From 1957 to 1958, Coast Guardsman Walter Dorethy and his wife Doris along with their three young children, Joni, Craig, and Debbie, had the wonderful opportunity to be stationed at Washington State’s Patos Island Lighthouse, the northernmost island lighthouse in the continental United States. Walter Dorethy was stationed there with the families of Coast Guardsmen Robert S. McClaskey and William Crumrine, who was the Officer-In-Charge.
Seattle Times reporter Dolly Connley, along with photographer Josef Scaylea, visited with the lighthouse families in February of 1958 when this photo was taken of Walter Dorethy with his daughter Joni and her foot-operated pedal car that she had received as a gift the past Christmas. Dolly Connley wrote:
Patos Island youngsters have a wonderful life, although the toddlers must be taught to stay away from the cliffs. The little ones are a delight to all hands on the island and monopolize the daytime off-duty hours of their doting daddies. They receive far more attention from young fathers than is possible for children “on the beach” (the mainland). And so goes life on Patos Island – in the summer, gardening in a community vegetable patch, fishing and swimming in the protected coves; in winter, fun with the children.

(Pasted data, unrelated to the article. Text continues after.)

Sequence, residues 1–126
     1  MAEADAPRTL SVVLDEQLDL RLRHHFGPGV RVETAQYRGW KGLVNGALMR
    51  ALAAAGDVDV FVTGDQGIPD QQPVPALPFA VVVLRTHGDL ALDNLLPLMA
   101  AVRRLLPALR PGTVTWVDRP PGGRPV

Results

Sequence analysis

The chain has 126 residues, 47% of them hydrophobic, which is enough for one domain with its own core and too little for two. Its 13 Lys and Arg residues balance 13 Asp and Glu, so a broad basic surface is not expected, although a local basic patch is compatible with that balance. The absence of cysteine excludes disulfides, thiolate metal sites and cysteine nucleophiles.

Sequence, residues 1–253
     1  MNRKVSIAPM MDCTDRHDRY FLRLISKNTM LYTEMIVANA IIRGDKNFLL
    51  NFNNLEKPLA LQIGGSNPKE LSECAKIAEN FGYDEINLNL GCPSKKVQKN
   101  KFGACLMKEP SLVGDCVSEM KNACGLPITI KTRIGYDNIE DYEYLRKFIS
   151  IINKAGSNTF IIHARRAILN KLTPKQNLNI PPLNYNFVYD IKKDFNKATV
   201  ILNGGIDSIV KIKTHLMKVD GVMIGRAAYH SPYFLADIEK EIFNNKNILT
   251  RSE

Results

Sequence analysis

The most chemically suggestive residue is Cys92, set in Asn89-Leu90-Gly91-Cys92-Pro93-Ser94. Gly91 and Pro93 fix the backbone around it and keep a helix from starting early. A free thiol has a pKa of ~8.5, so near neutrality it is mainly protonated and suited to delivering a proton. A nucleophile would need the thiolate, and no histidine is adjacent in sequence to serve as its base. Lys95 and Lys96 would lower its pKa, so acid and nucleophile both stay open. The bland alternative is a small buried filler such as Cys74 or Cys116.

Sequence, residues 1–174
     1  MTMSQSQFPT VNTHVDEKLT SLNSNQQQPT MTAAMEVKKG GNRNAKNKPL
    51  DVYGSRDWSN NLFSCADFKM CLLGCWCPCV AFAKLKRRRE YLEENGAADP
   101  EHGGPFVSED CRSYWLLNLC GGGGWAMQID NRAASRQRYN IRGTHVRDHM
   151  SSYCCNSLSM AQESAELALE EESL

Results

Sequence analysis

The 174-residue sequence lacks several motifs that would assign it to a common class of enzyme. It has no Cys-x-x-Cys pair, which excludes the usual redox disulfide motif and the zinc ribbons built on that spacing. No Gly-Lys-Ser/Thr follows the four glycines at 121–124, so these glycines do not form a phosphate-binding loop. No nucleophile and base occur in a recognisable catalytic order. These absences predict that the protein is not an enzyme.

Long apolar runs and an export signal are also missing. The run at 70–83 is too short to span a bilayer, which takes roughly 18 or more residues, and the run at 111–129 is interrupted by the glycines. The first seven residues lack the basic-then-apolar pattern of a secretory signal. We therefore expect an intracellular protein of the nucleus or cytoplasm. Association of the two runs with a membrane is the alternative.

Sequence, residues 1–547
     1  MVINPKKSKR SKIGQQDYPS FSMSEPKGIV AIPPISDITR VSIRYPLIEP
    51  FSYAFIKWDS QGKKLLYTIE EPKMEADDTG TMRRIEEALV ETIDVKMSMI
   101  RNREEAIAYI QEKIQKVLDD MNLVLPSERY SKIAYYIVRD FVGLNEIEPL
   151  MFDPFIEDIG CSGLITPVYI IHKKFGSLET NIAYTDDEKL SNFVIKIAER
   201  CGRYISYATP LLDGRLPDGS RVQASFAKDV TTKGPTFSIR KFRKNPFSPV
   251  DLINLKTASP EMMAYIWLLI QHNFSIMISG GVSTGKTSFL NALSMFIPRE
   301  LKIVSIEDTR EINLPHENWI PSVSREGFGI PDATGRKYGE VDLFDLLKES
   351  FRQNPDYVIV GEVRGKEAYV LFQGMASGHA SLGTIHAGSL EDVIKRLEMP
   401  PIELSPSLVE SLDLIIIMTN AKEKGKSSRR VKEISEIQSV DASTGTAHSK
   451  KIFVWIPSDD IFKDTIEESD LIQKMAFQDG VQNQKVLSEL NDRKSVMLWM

Wives like the life. They often elect to ignore 72-hour liberty granted every third week in remaining on the island for months on end.
Life has its inconveniences. Everything must be anticipated, ordered and acquired in advance for use. Housewives must store away unused electrical appliances, which cannot operate on the island’s direct current, furnished by generator.
But they’ll tell you, as they gaze out at an expanse of sea and mountain, particularly their own, wild and beautiful: “It’s okeh [sic] – this life is really okeh.”
Sadly, the original keepers house at Patos Island Lighthouse was demolished in 1958 when it was replaced by a 3,300-square-foot new keeper quarters, which itself was abandoned in 1974 when the station was automated and subsequently deliberately burned down in 2005.
This story appeared in the
Sep/Oct 2019 edition of Lighthouse Digest Magazine. The print edition contains more stories than our internet edition, and each story generally contains more photographs - often many more - in the print edition. For subscription information about the print edition, click here.
All contents copyright © 1995-2024 by Lighthouse Digest®, Inc. No story, photograph, or any other item on this website may be reprinted or reproduced without the express permission of Lighthouse Digest. For contact information, click here.